Unconventional. That is the word for the X7, but it doesn’t necessarily work for it. This all metal, hardcore looking handset weighs in at 146g making it quite heavy. The built in speakers are quite loud and the bundled handsfree kit is comfortable on the ears.
Features and Performance
Symbian Anna really didn’t impress me too much, as it’s really quite like the original S60 touchscreen edition with just a few cosmetic changes. The icons are larger and have rounded edges, like on iOS, except here, brighter colours are used. Real-time scrolling’ i.e. the screen moves with your swipe isn’t really a big deal, but does make the UI seem a little more fluid. There’s a hint of lag that’s evident while accessing apps and features. I also noticed that while bringing the handset out of sleep mode, shortcut options in the desktop tabs took about 2 seconds to refresh. It seemed like the 680 MHz ARM 11 processor had a little difficulty keeping up now and then, but functioned well enough most of the time including providing a smooth transition effect when the screen changes orientation. Multi-touch zooming is also present.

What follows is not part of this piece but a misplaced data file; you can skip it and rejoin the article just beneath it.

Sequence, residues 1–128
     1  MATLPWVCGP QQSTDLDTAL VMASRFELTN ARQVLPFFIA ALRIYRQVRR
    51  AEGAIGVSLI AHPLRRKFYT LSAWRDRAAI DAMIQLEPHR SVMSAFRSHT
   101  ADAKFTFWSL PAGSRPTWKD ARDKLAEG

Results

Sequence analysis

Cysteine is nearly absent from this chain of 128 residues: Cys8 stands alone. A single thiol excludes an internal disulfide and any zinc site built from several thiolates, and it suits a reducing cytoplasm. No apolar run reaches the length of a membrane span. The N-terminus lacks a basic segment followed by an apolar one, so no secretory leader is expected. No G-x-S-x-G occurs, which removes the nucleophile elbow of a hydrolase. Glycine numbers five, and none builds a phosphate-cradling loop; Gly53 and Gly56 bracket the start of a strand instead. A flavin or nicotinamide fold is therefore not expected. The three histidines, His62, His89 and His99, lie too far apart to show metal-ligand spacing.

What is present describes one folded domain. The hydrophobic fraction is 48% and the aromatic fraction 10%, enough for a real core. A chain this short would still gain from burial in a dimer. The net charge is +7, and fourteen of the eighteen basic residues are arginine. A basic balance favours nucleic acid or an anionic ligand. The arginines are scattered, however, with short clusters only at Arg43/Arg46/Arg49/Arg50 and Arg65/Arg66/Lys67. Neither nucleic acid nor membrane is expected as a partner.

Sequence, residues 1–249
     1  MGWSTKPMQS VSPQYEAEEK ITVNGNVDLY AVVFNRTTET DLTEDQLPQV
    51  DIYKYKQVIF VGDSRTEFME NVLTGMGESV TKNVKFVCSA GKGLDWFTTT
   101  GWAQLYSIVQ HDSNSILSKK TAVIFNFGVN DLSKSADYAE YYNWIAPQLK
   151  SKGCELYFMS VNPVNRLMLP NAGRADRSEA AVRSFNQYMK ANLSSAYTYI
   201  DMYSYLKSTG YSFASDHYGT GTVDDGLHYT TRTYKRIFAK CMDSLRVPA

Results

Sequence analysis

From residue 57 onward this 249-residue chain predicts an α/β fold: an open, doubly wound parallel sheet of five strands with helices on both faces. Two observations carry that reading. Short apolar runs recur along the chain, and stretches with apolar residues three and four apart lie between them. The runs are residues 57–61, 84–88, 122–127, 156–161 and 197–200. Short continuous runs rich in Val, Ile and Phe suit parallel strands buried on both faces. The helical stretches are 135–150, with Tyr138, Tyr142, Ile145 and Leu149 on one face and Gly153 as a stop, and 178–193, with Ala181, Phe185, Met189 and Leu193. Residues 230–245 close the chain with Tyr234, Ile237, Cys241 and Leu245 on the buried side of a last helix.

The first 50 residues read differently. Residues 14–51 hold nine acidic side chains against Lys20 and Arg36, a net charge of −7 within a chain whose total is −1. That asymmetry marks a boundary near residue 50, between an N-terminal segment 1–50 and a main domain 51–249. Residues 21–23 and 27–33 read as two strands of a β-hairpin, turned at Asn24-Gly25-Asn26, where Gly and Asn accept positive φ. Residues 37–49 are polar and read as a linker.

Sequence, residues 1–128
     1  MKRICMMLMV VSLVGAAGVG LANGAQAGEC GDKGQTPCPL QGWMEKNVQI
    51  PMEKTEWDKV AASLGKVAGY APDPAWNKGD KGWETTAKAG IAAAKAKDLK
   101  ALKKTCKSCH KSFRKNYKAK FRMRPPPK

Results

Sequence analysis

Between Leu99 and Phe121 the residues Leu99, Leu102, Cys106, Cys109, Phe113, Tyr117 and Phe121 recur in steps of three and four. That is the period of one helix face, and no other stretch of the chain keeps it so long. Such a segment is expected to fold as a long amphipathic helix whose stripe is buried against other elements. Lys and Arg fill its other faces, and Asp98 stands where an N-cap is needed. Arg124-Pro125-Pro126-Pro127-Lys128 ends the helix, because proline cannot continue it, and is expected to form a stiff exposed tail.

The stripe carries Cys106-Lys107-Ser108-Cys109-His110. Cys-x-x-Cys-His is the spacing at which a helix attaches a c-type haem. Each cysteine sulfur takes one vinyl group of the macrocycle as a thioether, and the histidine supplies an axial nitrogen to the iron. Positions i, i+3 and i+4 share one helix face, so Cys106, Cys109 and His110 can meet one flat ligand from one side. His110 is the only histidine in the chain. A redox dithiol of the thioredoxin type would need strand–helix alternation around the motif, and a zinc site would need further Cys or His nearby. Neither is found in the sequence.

The new Anna icon set is refreshing
Although Nokia has taken on a whole new visual for their virtual keypad, I’m quite disappointed with it. While Android and iOS allow you to type and view the chat/message screen simultaneously, Anna does not. It opens up a whole new page with a text field occupying one half and the keypad with rather tiny keys taking up the bottom half. This means it takes one extra key press just to reply to a chat or to send a message. In landscape mode though, the on-screen QWERTY keypad was definitely more versatile.
Comfortable to use
Nokia has still not found a way to integrate the phone book with social networking options. Once again we see Android and iOS a few steps ahead. While they do offer a certain amount of syncing to join contacts from your phone's memory with their corresponding details found via Facebook and Twitter syncing, with Anna, like all previous Symbian versions that offered this, it has to be done manually on a contact to contact basis. It’s quite time consuming, even if you have to do it just once.